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Author: Upenieks, Laura
Resulting in 3 citations.
1. Upenieks, Laura
Schafer, Markus H.
Religious Attendance and Physical Health in Later Life: A Life Course Approach
Journal of Health and Social Behavior 61,4 (December 2020): 486-502.
Also: https://journals.sagepub.com/doi/10.1177/0022146520961363
Cohort(s): NLSY79
Publisher: American Sociological Association
Keyword(s): Health/Health Status/SF-12 Scale; Parental Influences; Religious Influences; Smoking (see Cigarette Use)

Permission to reprint the abstract has not been received from the publisher.

Existing research on the life course origins of adult health has extensively examined the influence of childhood socioeconomic conditions, family structure, and exposure to trauma. Left unexplored are the potential long-term health effects of sociocultural exposures, such as religiosity at earlier phases of the life course. Integrating life course models of health with literature on the health-protective effects of adult religiosity, we consider how adolescent and midlife religiosity combine to structure the physical health profiles of adults past age 50. Using more than 35 years of representative data from the National Longitudinal Survey of Youth 79 (NLSY79), we found that the stability of frequent religious practice over time was associated with better health composite scores and lower disease burden. Causal mediation analyses revealed that part of this association is driven by a lower risk of smoking for consistent, frequent attenders. Adulthood religiosity also mediated the relationship between frequent early-life religious attendance and health.
Bibliography Citation
Upenieks, Laura and Markus H. Schafer. "Religious Attendance and Physical Health in Later Life: A Life Course Approach." Journal of Health and Social Behavior 61,4 (December 2020): 486-502.
2. Upenieks, Laura
Thomas, Patricia A.
Gaining Faith, Losing Faith: How Education Shapes the Relationship between Religious Transitions and Later Depression
Journal of Health and Social Behavior published online (19 October 2021): DOI: 10.1177/00221465211046356.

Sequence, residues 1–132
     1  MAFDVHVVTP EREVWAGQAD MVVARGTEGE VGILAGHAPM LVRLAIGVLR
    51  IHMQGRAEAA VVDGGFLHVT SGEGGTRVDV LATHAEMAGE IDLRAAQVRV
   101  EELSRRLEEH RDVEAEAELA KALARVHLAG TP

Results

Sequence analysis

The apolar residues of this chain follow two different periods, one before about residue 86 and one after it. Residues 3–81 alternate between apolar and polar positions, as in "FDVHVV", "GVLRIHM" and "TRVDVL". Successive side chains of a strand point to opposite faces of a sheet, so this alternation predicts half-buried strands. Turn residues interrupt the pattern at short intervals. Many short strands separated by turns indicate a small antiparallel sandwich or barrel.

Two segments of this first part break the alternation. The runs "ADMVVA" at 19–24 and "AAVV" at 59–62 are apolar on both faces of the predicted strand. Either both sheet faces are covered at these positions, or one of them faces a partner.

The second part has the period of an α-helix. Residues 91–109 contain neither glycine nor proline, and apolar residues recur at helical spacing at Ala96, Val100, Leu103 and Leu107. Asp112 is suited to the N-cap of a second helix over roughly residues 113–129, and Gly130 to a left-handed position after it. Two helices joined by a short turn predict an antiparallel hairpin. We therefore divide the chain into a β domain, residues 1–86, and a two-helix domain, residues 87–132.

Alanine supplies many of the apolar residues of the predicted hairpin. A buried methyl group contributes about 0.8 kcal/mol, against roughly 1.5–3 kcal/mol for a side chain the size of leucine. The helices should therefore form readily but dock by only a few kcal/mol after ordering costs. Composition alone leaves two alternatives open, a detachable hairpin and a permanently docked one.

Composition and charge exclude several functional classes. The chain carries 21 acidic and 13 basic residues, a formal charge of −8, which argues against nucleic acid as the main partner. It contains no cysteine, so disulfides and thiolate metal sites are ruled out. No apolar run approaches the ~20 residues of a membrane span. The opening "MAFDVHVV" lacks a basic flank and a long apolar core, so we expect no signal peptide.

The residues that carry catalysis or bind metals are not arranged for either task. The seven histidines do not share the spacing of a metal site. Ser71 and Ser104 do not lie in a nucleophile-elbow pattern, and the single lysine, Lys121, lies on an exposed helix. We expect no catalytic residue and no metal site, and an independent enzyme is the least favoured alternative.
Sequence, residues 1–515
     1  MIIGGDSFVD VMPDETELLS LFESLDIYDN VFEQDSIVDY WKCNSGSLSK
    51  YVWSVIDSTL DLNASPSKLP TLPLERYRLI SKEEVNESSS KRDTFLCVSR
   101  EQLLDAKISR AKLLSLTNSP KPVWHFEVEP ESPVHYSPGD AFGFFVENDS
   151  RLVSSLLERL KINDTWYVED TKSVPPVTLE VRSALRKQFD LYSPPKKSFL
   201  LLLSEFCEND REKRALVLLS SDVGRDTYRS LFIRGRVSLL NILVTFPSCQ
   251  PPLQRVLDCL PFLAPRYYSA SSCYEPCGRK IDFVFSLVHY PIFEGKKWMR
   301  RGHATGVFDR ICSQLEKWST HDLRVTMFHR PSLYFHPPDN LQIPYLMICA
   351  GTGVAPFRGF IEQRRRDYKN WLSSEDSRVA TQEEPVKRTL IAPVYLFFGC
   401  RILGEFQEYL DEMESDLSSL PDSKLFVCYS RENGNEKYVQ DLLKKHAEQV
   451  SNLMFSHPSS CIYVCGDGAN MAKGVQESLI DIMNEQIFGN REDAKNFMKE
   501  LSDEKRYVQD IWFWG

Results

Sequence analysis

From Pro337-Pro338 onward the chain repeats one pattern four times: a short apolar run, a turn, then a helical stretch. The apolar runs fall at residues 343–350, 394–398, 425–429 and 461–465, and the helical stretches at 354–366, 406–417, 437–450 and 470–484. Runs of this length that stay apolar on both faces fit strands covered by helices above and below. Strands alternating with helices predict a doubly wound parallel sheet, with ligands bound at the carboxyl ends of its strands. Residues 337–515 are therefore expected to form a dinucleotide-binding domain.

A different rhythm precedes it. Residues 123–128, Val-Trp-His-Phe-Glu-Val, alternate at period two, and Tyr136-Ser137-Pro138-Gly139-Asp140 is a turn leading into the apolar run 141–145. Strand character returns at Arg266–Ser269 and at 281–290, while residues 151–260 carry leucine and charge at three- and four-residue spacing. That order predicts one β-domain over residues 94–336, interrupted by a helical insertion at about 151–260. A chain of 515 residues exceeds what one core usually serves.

Also: https://journals.sagepub.com/doi/full/10.1177/00221465211046356
Cohort(s): NLSY79
Publisher: American Sociological Association
Keyword(s): Depression (see also CESD); Educational Attainment; Health, Mental; Religion

Permission to reprint the abstract has not been received from the publisher.

Using the life course perspective, we assess the "resources" and "risks" to mental health associated with transitions in religious attendance between early life and midlife and how this process may be influenced by education. Drawing on over 35 years of prospective panel data from the National Longitudinal Study of Youth, baseline models suggest that stable, frequent attendance accumulated between adolescence to midlife and increases to frequent attendance by adulthood are associated with the lowest depression relative to consistent nonattenders. Individuals who declined in their religious participation report higher depression. Education conditioned this association, whereby declines in religious participation negatively impacted the health of those without a college degree more strongly and increases benefitted the well-educated to a greater extent. We combine insights from the life course perspective and work on social stratification and religiosity to interpret our results and offer directives for future research.
Bibliography Citation
Upenieks, Laura and Patricia A. Thomas. "Gaining Faith, Losing Faith: How Education Shapes the Relationship between Religious Transitions and Later Depression." Journal of Health and Social Behavior published online (19 October 2021): DOI: 10.1177/00221465211046356.
3. Upenieks, Laura
Thomas, Patricia A.
Matters of the Heart: Childhood Maltreatment, Religious Transitions, and Cardiovascular-Related Problems over the Life Course
Journal of Aging and Health published online (2 November 2022): DOI: https://journals.sagepub.com/doi/full/10.1177/08982643221135689
Cohort(s): NLSY79
Publisher: Sage Publications
Keyword(s): Childhood Adversity/Trauma; Health, Chronic Conditions; Health/Health Status/SF-12 Scale; Religious Influences

Permission to reprint the abstract has not been received from the publisher.

Objectives: Childhood maltreatment is associated with a higher risk of cardiovascular-related problems, the leading cause of death in the United States. Drawing from cumulative inequality theory, this study considers whether transitions in religious attendance moderate the deleterious impact of childhood maltreatment on long-term cardiovascular risk.

Methods: We utilize over 35 years of prospective panel data from the National Longitudinal Survey of Youth from the United States (1979–2015).

Results: Our findings suggest that decreases in religious attendance between adolescence and adulthood (from high to low, and high to moderate attendance) were associated with elevated cardiovascular-related risk for those abused as children. Neither stable high attendance nor increases in attendance buffered against the impact of childhood abuse on cardiovascular-related problems.

Bibliography Citation
Upenieks, Laura and Patricia A. Thomas. "Matters of the Heart: Childhood Maltreatment, Religious Transitions, and Cardiovascular-Related Problems over the Life Course." Journal of Aging and Health published online (2 November 2022): DOI: https://journals.sagepub.com/doi/full/10.1177/08982643221135689.